Music History

The Texas Albums We Wish Had Made it to Rolling Stone's Top 500

Kris Kristofferson, one could say, is more influential than Kris Kringle. Somehow he didn't make Rolling Stone's Best Albums list.
Making any sort of comprehensive pop culture list is bound to be controversial no matter what. At the end of the day, it's a matter of opinion and is completely subjective, but that will never stop people from complaining about their personal favorites missing the cut or claiming that the top picks are all overrated.

Rolling Stone magazine recently published a revised version of their Top 500 Greatest Albums Of All-Time, a comprehensive ranking that spans music history. Earlier versions of the list were published in 2003 and 2012, but the latest update drew from a more diverse set of critics, artists and industry figures, resulting in a list that was more inclusive of women and people of color.

Marvin Gaye’s What’s Going On took the no.1 spot that had previously belonged to The Beatles Sgt. Pepper’s Lonely Hearts Club Band, which this time clocked in at No. 24. That didn’t stop The Beatles from having the most albums of any artist on the list (nine), which narrowly defeated Bob Dylan’s eight and Neil Young’s seven.
Yeah, it’s a good list. But did anyone at Rolling Stone think that it would not be recapped and debated by critics and fans everywhere? We think there are some local legends that deserved a place somewhere in the 500, so here are the best Texas artists who were left off.

Mystery Girl, Roy Orbison
He was born in Vernon, and Roy Orbison’s voice became synonymous with sensitive rock ballads that were a breakthrough during the '50s and '60s. Orbison’s most iconic songs include “Crying,” “In Dreams,” “Running Scared” and, of course, “Oh, Pretty Woman,” which ranked within the top 25 of Rolling Stone’s 2000 list of the Top 100 greatest rock singles of all-time. Orbison’s final album, 1989’s Mystery Girl, was released posthumously and helped to solidify his mastery of the operatic yearning that had defined his career.

Mystery Girl doesn’t rank on Rolling Stone’s list, nor does any other Orbison album. This is a shame, as Orbison’s work is a formative piece of rock history that would influence artists like Billy Joel, Bruce Springsteen and the Bee Gees; his painful reflections on love and loss were the opposite of the hyper-masculine rock stars that came from the same era. Mystery Girl is among his most dynamic albums, featuring more purposive tracks like “She’s A Mystery To Me” with gloomy favorites like “A Love So Beautiful.”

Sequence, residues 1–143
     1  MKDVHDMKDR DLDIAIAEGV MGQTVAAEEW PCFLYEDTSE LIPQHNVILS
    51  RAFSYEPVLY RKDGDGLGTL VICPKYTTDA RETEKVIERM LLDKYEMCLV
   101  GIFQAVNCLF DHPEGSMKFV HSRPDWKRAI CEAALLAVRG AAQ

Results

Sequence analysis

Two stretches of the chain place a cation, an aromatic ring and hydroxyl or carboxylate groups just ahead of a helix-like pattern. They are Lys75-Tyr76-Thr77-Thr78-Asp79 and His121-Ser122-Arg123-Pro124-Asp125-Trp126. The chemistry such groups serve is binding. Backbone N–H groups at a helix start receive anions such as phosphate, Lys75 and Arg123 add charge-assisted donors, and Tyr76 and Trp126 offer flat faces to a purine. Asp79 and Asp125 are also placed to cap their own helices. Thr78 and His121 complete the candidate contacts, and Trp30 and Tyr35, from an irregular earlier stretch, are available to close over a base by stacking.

Bat Out Of Hell Il: Back Into Hell, Meat Loaf

Ever since his acting debut as the motorcycle driving delivery boy Eddie in the 1975 classic The Rocky Horror Picture Show, Meat Loaf has been credited with bringing the same level of theatricality and emotion to his acting roles as he has to his impassioned rock ballads. Appearing in both Hollywood films (Fight Club) and Broadway productions (Hair), Meat Loaf broke out with his first studio album Bat Out Of Hell in 1977. Acclaimed for the mannered delivery and expressive lyrics, Bat Out Of Hell made it onto Rolling Stone’s 2003 list but was left off the newest revision.

We’d argue that the omission is a glaring one, and as great as Bat Out Of Hell is, the 1993 follow up Bat Out Of Hell II: Back Into Hell is even more deserving. Not only does the sequel contain Meat Loaf’s most iconic track, “I’d Do Anything For Love (But I Won’t Do That),” it also saw the rocker grow even more comfortable with his repetitive phrasing and depiction of teenage romantic idealism. It remains impressive how personal each of the tracks feels (despite the fact that they largely talk about the same things), and the album has inspired many of Meat Loaf’s greatest live performances.

Kristofferson 1970, Kris Kristofferson
Kris Kristofferson’s debut album remains a masterpiece of outlaw country, and while Rolling Stone’s list is largely dominated by rock 'n' roll classics, it’s definitely weird that none of Kristofferson’s 18 studio albums made the cut. Combining classic country imagery of wandering travelers and tinges of countercultural musings, the 1970 album is among Kristoferson’s most beautiful and playful. Kristofferson would go on to have a lengthy career as a musician and artist, but it's impressive just how much wisdom is packed into his first real effort.

Kristofferson works best when telling individual anecdotes; tracks like “”Duvalier’s Dream,” “Darby’s Castle” and “Casey’s Last Ride” are packed with memorable personal details, while more whimsical tracks like “Blame it on the Stones” feel more pointed and critical of the larger shifts in the music industry. A time capsule of a transitional period in country music, Kristofferson 1970 features some of Kristofferson’s most profound and memorable work.

The Psychedelic Sounds of the 13th Floor Elevators, The 13th Floor Elevators
This Austin-based rock band pioneered many of the psychedelic rock themes that would dominate the late 1960s. Although they remained more of an object of cult appreciation rather than mainstream success for the majority of their career, The 13th Floor Elevators are now credited as highly influential thanks to their dynamic, experimental combination sounds and explicitly psychedelic lyrics. Dallas-born guitarist Roky Erikson founded the group in 1965 and is responsible for the group’s unique confluence of inspirations.

Although the group made few studio albums, 1966’s The Psychedelic Sounds of the 13th Floor Elevators is their undeniable masterpiece, featuring iconic tracks like “You’re Gonna Miss Me” and “Kingdom of Heaven (Is With You).” Countless garage bands are indebted to the influence of the group, and Rolling Stone owed them at least a mention on their expansive list.